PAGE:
La forma de más obvia de reducir errores es utilizar forzamientos (i.e., viento, hielo y corrientes) de mayor calidad. En este análisis se han utilizado y comparado las bases de datos más recientes para obtener la combinación de forzamientos que resulta en menores errores en el modelado de oleaje a escala global. Como es habitual en han analizado vientos y cobertura de hielo, en este caso del reanálisis CFSR generado por NCEP-NCAR y del reanálisis ERA5 generado recientemente por el centro europeo para predicciones de medio plazo (ECMWF). Adicionalmente, se han analizado el efecto de la probabilidad de icebergs derivada de imágenes de satélite y de las corrientes oceánicas de tres bases de datos: CFSR, HYCOM y GLORYS. La evaluación de los resultados se ha basado principalmente en mediciones de satélite, pero se ha complementado con boyas y drifters recientemente desplegados en Australia y Nueva Zelanda.

2.       Resultados y conclusiones

Fig. 1. Sesgo respecto a datos de satélite de la simulación global forzada con vientos de ERA5, icebergs, y corrientes GLORYS (panel superior) y la simulación de referencia, forzada con vientos de CFSR y sin icebergs ni corrientes (panel inferior) para el año 2015.

Fig. 1. Sesgo respecto a datos de satélite de la simulación global forzada con vientos de ERA5, icebergs, y corrientes GLORYS (panel superior) y la simulación de referencia, forzada con vientos de CFSR y sin icebergs ni corrientes (panel inferior) para el año 2015.

La comparación entre experimentos con distintos forzamientos se ha basado en el modelo numérico WaveWatch III en su versión 5.16 utilizando los términos fuente ST4. La configuración de referencia es una malla global de 0.5 grados por 0.5 grados, forzada con vientos y cobertura de hielo de CFSR, sin icebergs ni corrientes. La mejora de mayor magnitud respecto a esta configuración se obtiene al sustituir CFSR por ERA5, lo que reduce notablemente el sesgo y el error cuadrático en la mayor parte del mundo. Estos resultados indican que las mejoras en resolución, asimilación de datos, o modelado de ciclones tropicales respecto al anterior reanálisis del ECMWF han conseguido que actualmente ERA5 sea la opción más adecuada para forzar modelos globales de oleaje. La inclusión de corrientes también produce mejoras a nivel global pero de una magnitud menor. En concreto las tres bases de datos de corrientes ayudan a reducir los sesgos, siendo GLORYS la que produce mejores resultados a pesar de tener menor resolución espacial que HYCOM y menor resolución temporal que CFSR. Es especialmente notable la reducción del sesgo positivo en el Océano Antártico, principalmente por el efecto de la corriente circumpolar antártica, que reduce la transferencia de energía del viento al oleaje. No obstante, incluso con la introducción de corrientes sigue existiendo un sesgo positivo. Este sesgo se reduce aún más con la inclusión de icebergs, que aumentan el bloqueo de energía, pero no llega a desaparecer por completo. La comparación entre el sesgo de la configuración de referencia y el de la configuración óptima para el año 2015 se muestra en la figura 1. La comparación de errores cuadráticos (no mostrado) indica mejoras globales en torno al 30%.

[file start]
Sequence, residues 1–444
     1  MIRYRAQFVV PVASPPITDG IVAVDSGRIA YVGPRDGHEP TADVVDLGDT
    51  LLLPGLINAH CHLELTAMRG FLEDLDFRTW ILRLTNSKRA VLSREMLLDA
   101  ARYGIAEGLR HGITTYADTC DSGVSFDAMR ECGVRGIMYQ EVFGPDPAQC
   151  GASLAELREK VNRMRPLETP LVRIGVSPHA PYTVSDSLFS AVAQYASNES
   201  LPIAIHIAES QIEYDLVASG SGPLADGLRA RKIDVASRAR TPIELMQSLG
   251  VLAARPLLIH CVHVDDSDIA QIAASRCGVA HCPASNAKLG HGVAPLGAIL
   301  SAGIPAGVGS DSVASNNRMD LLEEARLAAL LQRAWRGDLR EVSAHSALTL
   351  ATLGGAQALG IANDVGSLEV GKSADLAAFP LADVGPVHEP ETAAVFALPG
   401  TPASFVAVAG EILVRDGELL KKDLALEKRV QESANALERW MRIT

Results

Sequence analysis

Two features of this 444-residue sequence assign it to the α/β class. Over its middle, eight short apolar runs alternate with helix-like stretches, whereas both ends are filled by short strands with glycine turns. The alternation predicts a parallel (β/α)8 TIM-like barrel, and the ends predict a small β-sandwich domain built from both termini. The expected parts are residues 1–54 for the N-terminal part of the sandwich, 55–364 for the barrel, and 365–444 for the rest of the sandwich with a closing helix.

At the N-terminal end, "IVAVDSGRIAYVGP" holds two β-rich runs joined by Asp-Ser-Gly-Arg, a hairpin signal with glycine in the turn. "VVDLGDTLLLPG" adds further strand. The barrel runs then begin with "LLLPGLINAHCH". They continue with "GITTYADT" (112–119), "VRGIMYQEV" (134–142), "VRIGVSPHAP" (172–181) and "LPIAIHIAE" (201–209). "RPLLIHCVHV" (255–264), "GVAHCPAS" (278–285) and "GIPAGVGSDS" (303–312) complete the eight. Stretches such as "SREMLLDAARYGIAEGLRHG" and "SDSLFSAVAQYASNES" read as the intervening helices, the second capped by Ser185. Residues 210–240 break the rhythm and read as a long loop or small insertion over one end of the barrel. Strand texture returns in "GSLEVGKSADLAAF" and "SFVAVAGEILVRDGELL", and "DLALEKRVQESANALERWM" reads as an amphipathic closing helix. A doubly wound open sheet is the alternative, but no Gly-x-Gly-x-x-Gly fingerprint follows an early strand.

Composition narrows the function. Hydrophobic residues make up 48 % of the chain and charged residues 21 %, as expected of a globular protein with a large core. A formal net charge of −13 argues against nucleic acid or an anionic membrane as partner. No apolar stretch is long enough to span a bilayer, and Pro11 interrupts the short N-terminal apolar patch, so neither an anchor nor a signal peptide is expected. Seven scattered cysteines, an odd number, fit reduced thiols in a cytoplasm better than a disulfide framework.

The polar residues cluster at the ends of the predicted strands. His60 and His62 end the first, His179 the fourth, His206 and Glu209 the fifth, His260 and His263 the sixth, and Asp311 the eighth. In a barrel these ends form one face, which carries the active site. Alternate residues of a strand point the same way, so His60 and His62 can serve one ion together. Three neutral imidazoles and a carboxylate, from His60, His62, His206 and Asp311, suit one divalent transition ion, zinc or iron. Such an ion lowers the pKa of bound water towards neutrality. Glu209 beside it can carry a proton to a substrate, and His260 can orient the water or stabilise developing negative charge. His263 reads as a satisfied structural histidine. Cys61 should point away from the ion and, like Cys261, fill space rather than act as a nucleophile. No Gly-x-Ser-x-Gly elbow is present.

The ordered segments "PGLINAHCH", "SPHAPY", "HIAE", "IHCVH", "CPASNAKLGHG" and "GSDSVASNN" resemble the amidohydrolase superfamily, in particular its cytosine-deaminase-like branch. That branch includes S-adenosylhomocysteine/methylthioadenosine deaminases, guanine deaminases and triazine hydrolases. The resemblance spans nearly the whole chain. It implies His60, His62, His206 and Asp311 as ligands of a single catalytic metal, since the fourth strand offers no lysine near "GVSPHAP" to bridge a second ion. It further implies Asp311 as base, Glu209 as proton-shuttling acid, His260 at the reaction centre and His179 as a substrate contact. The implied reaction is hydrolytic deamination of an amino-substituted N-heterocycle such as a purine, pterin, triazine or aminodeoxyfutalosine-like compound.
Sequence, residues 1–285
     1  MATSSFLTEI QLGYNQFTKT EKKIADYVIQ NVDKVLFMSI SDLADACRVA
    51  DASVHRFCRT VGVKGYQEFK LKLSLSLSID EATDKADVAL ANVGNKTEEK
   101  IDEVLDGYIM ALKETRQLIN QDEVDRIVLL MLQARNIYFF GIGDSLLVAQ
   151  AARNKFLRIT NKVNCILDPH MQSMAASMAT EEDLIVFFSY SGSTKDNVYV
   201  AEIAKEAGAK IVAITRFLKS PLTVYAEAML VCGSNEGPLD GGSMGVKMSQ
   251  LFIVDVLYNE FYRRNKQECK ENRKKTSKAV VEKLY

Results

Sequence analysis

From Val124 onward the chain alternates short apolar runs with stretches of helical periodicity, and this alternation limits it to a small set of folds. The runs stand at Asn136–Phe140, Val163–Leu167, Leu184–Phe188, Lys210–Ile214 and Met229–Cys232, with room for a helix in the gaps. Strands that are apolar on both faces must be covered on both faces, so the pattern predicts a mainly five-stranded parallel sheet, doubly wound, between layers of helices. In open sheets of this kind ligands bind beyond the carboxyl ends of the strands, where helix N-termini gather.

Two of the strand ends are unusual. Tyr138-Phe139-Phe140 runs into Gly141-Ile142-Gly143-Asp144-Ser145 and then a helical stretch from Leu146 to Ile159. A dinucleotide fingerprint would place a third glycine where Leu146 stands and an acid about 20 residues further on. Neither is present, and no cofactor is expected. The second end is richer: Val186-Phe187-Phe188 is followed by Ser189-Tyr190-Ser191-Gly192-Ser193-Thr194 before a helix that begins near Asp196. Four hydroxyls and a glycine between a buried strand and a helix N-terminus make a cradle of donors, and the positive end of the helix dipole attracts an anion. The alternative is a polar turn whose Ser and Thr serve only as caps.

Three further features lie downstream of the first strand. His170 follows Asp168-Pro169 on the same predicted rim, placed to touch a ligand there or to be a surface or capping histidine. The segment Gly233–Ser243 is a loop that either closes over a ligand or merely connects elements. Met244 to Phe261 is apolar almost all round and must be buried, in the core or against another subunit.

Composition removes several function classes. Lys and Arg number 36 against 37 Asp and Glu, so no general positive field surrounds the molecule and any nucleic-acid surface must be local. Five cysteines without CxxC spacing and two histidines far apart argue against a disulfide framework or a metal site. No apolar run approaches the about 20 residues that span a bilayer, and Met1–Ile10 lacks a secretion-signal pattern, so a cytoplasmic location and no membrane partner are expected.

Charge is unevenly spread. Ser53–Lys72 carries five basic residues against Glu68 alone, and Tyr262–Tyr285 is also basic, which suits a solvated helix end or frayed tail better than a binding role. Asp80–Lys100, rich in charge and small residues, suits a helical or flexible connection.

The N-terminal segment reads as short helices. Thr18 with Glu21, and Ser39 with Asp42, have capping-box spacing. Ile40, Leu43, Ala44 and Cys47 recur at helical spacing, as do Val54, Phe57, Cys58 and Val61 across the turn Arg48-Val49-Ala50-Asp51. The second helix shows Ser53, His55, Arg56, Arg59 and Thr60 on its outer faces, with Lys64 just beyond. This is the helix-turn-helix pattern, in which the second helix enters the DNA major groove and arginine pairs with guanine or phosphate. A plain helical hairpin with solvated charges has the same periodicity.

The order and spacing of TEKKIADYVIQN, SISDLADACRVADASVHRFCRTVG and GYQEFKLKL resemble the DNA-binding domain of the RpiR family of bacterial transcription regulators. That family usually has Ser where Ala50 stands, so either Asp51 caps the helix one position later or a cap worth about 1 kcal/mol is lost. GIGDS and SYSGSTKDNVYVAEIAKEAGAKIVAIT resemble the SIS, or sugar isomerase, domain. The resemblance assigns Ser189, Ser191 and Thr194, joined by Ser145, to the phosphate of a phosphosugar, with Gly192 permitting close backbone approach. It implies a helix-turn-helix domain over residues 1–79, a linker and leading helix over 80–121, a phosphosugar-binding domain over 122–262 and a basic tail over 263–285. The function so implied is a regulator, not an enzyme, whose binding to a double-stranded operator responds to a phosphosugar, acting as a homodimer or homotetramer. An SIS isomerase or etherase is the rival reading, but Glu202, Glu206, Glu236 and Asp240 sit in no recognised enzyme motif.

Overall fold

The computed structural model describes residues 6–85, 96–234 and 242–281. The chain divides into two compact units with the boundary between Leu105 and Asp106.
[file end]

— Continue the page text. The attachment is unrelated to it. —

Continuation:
Este análisis a escala global y la reconstrucción histórica resultante ha permitido minimizar los errores en los datos de oleaje en aguas profundas y disponer de mejores condiciones de contorno para las mallas de detalle en zonas costeras. Adicionalmente, lecciones aprendidas de este análisis, como la importancia de corrientes y icebergs, van a resultar en mejoras en los sistemas operacionales de predicción de oleaje de Metservice. Esto permite proporcionar a los usuarios datos históricos y predicciones de oleaje de la mayor calidad posible.

Agradecimientos

Se agradece el apoyo a este estudio tanto de la armada de Nueva Zelanda (NZ Navy) como de la oficina de investigación naval (Office of Naval Research, ONR) por medio de la subvención NOOO14-17-S-B001.

Referencias

DURRANT, T., GREENSLADE, D., HEMER, M. y TRENHAM, C. (2014). “A Global Hindcast focussed on the Central and South Pacific”. CAWCR Technical Report , 46.

PEREZ, J., MENENDEZ, M. y LOSADA, I. J. (2017). “GOW2: A global wave hindcast for coastal applications”. Coastal Engineering, 124 , 1-11 .

Drifting wave buoys pass the Drake Passage

In February 2018, MetOcean Solutions deployed five solar powered wave buoys (Spotters) in the Southern Ocean in partnership with Spoondrift and the Defence Technology Agency. Now, one year later, these buoys have travelled more than 6500 km and are currently crossing the stormy waters of the Drake Passage, the body of water between South America’s Cape Horn and the South Shetland Islands.

 
Drift track and significant wave heights measured over the last year.

Drift track and significant wave heights measured over the last year.

 

The Southern Ocean programme is helping understand waves in the region and their impact on the climate system. The operation was led by MetOcean Solutions’ Technical Support Liaison Dr Aitana Forcén-Vázquez, Principal Investigator for Physical Oceanography aboard the Research Vessel Tangaroa on the science voyage to Antarctica with NIWA and the University of Auckland.